Any new Amazon home would also bring additional tech workers from other companies that would locate nearby to do business with Amazon. In short, the headquarter decision could result in a major influx of high-skilled workers who could greatly affect the state’s voting results, given that these workers tend to vote Democrat by large margins (as Nate Silver documented in 2012). The key would be for Amazon to locate in a city that could grow just enough relative to the number of Republican-leaning existing voters.

For this exercise, I assumed that the Amazon move would eventually result in 300,000 workers moving in (less than Seattle’s current headquarter count but including potential workers from other tech companies that would co-locate). I also assumed their voting rate would be 80%-20% Democrat vs. Republican, which would roughly track the financial contributions from the tech sector, as a proxy for their voting habits.  Of course, some of those workers would already be living and voting in the state, and not all of the workers would be in tech (like any company, Amazon has employees in departments who don’t need tech training, like in human resources and finance, as well as in non-tech support staff positions).  But as we’ve seen throughout the country, cities dominated by high-skilled tech industries tend to vote overwhelmingly Democratic.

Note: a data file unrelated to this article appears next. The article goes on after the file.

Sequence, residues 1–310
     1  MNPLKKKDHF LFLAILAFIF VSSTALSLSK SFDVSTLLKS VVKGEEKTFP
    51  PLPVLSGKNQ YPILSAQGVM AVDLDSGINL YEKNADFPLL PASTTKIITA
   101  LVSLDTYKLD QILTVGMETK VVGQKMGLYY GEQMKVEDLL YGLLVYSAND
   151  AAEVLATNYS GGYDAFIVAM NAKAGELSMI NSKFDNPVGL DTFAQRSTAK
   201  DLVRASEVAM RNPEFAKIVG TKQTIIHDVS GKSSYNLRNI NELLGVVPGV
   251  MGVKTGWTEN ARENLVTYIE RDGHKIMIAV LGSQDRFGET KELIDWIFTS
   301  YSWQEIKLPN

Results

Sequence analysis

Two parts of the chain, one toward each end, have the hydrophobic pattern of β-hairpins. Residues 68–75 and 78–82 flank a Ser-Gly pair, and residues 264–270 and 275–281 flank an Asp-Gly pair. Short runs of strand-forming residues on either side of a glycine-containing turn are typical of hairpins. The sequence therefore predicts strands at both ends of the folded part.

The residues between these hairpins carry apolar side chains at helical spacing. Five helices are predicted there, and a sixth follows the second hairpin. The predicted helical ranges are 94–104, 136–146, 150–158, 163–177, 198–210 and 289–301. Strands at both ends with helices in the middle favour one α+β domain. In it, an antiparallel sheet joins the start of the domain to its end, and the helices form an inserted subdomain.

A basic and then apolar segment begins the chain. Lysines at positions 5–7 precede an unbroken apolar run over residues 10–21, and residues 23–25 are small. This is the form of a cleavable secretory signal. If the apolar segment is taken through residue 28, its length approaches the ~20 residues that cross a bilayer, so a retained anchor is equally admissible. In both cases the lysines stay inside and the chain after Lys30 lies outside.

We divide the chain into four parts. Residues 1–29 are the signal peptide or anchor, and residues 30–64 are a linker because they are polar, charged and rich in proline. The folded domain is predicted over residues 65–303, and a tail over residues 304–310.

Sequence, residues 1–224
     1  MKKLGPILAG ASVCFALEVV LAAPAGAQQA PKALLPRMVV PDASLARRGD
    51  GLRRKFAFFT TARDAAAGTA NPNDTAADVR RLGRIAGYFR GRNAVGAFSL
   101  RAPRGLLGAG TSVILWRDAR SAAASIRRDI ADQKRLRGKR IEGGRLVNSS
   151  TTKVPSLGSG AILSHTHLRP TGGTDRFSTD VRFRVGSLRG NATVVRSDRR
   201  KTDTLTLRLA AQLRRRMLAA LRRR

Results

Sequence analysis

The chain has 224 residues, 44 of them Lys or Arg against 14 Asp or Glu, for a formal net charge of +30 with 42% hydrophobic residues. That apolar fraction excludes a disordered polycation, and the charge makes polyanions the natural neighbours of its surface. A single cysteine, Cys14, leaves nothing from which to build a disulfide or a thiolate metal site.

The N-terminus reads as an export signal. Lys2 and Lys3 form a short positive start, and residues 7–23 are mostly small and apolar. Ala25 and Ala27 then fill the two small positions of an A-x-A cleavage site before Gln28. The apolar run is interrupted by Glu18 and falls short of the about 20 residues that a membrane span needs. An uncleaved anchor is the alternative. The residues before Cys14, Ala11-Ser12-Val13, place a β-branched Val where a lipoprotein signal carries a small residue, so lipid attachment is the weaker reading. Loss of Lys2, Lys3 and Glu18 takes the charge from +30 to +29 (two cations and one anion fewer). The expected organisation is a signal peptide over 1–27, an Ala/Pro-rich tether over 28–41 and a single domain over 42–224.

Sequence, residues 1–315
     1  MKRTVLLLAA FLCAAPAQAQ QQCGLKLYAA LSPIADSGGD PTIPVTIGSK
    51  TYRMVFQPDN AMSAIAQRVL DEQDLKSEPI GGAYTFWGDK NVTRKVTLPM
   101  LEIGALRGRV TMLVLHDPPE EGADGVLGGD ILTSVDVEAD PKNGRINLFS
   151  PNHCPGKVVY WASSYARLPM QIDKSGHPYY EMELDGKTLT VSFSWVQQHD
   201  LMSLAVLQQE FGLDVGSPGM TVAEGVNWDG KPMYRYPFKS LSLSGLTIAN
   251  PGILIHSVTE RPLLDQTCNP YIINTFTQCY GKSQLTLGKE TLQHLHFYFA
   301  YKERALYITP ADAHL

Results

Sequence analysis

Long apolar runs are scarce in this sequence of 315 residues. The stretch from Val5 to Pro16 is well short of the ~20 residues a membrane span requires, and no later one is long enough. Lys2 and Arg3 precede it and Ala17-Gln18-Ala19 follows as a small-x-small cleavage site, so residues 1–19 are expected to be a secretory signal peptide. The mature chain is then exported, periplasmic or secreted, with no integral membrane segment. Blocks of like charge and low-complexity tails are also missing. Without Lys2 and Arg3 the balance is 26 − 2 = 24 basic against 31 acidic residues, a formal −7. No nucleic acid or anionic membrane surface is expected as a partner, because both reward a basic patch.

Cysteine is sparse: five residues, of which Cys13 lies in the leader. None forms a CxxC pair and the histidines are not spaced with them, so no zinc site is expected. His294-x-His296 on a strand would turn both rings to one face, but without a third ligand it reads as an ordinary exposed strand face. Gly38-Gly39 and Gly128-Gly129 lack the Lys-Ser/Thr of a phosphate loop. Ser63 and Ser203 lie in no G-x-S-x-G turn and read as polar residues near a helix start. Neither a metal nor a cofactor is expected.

Given these assumptions, an Amazon move could potentially bring 240,000 new Democratic voters to the chosen state, along with 60,000 new Republican voters. The net gain would be 180,00 new votes for the Democrats.

Could that be enough to turn a state from red to blue?

I should first note that in 2016, Trump beat Clinton by 306 to 232 electoral votes, leaving a gap of 74 electoral votes for Democrats to regain. No single state switch will reverse that gap. But a switch in one sizeable state could alter the presidential calculations going forward. Demography is destiny.

Here are the reported city candidates and their 2016 state presidential election results (I left out the blue state candidate cities, because an Amazon move there would simply improve existing Democratic majorities), along with the potential Amazon bump for Democrats: